# Measuring AC and DC earth ground referenced signals

I'm working on a product that will have several STPM32 metering ICs measuring voltage/current/power/energy consumption of several relay-controlled circuits. I am designing such that the relay and analog front end of the measuring IC can control/measure either a 0-40 V DC or a 230 Vrms AC source.

The DC source is either a battery bank and the AC source is an inverter. The measuring IC is configured to measure the differential voltage across a shunt resistor located on the PCB as well as the differential voltage between the DC + or AC "hot" wire and a yet-to-be-determined reference point.

I am trying to figure out how to implement a grounding scheme between the analog front ends of the measuring ICs, and the voltage sources to be controlled/dispatched.

I've taken a crack at drawing a couple of rough schematics of what I'm talking about.

simulate this circuit – Schematic created using CircuitLab

The 1st schematic shows two channels (hence 2 metering ICs). The first channel I have drawn showing the inverter connected (230 Vrms source), with another 12 V source shown as an available alternative (by switching SW1 and SW2). This is intended for illustration purposes only (to really knock home that it could be a DC source feeding channel 1 just as easily as an AC source). There is also a 24 V DC source that is feeding the 2nd channel at the bottom of the schematic. The problem with this topology is that the voltages on the input pins to the metering IC will go above the max of 0.3V. Another problem with this setup is that if the neutral wire gets unplugged while the relay is closed, the metering IC will get 230 Vrms on its I+, I-, and V- pins.

simulate this circuit

This 2nd schematic shows my original idea. I was originally just going to tie all the grounds of the channels together on the PCB. This works in terms of keeping the voltages on the metering IC pins within spec, but then I realized that the GFCI of the inverter would trip due to some current returning to the inverter via ground instead of via its neutral conductor. Other than that it seems to be a good design.

If I simply switch to an inverter without a GFCI on its output, can I proceed and just tie all the grounds together on the PCB as shown in the second schematic (i.e. tie neutral to earth ground on the PCB?).

I'm starting to think that the only viable option is to have each channel galvanically isolated from the other channels. That way, I can "float" each measuring IC to the neutral/DC- voltage, ensure that none of the pins will go above 0.3V (if neutral gets unplugged while relay is closed, the local metering IC ground will simply float up to 230 Vrms), and all the while ensure that all the current from the AC source returns via the neutral line.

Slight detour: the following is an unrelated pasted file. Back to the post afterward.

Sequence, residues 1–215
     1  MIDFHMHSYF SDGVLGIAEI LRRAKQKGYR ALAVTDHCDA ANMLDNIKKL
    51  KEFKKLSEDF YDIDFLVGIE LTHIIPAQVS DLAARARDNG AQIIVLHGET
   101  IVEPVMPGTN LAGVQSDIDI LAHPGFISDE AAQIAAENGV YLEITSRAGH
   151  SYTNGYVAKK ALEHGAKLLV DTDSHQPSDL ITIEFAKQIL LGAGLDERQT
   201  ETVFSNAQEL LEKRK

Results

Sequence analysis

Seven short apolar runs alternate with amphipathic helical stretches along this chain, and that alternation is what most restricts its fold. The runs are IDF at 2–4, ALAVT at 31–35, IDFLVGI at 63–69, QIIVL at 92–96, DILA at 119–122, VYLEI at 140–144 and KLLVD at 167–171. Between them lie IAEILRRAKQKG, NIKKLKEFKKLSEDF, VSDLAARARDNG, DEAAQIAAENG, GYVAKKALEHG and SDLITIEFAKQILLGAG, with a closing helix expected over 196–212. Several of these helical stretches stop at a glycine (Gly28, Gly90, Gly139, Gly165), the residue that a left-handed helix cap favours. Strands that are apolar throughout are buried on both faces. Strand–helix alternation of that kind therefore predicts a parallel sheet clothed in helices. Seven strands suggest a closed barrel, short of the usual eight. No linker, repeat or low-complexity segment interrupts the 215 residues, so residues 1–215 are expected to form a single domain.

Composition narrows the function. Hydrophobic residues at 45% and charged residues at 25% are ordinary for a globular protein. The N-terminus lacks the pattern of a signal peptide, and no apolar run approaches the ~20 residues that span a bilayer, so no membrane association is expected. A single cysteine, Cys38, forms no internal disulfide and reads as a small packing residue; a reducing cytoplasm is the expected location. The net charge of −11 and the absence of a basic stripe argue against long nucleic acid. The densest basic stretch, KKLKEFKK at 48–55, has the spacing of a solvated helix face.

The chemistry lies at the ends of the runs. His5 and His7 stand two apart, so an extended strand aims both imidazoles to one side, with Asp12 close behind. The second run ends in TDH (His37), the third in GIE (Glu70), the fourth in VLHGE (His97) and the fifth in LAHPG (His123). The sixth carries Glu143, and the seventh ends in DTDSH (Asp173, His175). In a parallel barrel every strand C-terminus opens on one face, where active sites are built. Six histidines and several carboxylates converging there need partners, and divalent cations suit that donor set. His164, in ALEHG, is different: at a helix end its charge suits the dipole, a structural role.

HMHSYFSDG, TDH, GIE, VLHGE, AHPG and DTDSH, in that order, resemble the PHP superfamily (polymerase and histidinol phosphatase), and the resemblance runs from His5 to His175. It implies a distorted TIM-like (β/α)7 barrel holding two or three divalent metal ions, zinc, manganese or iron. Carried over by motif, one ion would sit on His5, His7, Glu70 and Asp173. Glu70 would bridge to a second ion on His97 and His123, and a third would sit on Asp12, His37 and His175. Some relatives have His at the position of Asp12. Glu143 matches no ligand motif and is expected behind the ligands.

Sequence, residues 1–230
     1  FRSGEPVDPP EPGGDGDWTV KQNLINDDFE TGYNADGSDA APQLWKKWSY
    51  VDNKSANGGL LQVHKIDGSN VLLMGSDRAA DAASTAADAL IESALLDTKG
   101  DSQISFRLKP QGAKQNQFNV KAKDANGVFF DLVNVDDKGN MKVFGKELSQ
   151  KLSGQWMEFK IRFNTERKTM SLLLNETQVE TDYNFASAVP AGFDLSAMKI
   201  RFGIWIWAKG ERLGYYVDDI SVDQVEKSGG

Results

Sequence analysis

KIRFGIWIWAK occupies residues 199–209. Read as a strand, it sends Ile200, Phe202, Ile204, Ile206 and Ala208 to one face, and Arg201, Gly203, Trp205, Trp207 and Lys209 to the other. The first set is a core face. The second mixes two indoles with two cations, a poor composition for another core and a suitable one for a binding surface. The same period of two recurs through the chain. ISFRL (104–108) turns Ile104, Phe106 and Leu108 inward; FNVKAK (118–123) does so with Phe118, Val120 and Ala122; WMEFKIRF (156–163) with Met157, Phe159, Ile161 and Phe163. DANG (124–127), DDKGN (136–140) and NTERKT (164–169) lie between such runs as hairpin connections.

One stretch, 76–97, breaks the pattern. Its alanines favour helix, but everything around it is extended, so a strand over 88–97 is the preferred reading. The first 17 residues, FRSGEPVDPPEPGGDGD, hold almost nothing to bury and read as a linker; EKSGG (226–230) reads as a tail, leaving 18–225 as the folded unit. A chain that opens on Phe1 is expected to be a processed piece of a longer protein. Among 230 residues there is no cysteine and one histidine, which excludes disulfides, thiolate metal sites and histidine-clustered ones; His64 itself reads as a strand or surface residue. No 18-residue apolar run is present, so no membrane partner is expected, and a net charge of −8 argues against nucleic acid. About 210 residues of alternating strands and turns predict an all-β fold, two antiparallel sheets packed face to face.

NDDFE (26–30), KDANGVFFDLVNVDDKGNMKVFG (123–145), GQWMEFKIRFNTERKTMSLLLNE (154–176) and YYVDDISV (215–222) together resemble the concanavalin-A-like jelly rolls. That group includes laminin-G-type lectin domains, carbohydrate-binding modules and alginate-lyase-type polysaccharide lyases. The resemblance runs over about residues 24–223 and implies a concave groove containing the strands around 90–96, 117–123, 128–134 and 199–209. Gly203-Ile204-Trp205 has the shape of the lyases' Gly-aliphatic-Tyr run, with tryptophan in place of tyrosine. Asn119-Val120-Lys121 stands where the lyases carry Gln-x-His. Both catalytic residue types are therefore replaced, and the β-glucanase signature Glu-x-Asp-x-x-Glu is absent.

I'm starting to think that the only viable option is to have each channel galvanically isolated from the other channels.

Close, but I'd recommend that the channels can be tied together - it's the grounds which need to be galvanically isolated. You see,

(if neutral gets unplugged while relay is closed, the local metering IC ground will simply float up to 230 Vrms)

is terrifying. Have you paid attention to what you're saying? "Simply float up to 230 Vrms"? In other words, your entire system can be tied to 230 volts, and without your knowing it. Any competent electrical inspector will shut you down in a heartbeat.

You should condition your signals using either battery power or (even better) a low-voltage transformer whose primary is driven by AC on the measurement side. Use a separate amplifier for voltage and current, and if you really feel like you need to save on communication links, you can switch the amplifier inputs between your two sources. This will be rather peculiar, since your two sources are AC and DC, so I'd recommend a separate conditioning circuit for your 4 variables.

Once conditioned, you have a choice - either do a power-side A/D with optical links (photocouplers) to your measurement side, or provide analog optical transmission, such as by using a V/F converter, of your 4 signals, and acquire the signals using one or more F/V converters (you can easily put a multiplexer here). The first approach uses a minimum of A/D hardware, but it requires bidirectional optical links to control the ADC. The second uses more power-side circuitry (the F/V s) but the acquisition section is unidirectional. Your choice.

• No, what I was suggesting is that each metering IC would be galvanically isolated from the rest of the system. So, for 12 channels, you'd have 13 different grounds after factoring in the MCU/comms/peripherals ground. It seems like you're saying the same thing? Float each channel to its input by galvanically isolating it from the other channels/controller? Commented Jan 14, 2017 at 2:59

I think the answer is to let each channel in the analog front end be referenced to the low side of it's input (i.e. to DC (-) or to AC neutral). In other words, for a 12 channel AFE, the PCB will have 13 ground potentials in total: one per AFE channel and one for the MCU and rest of the board.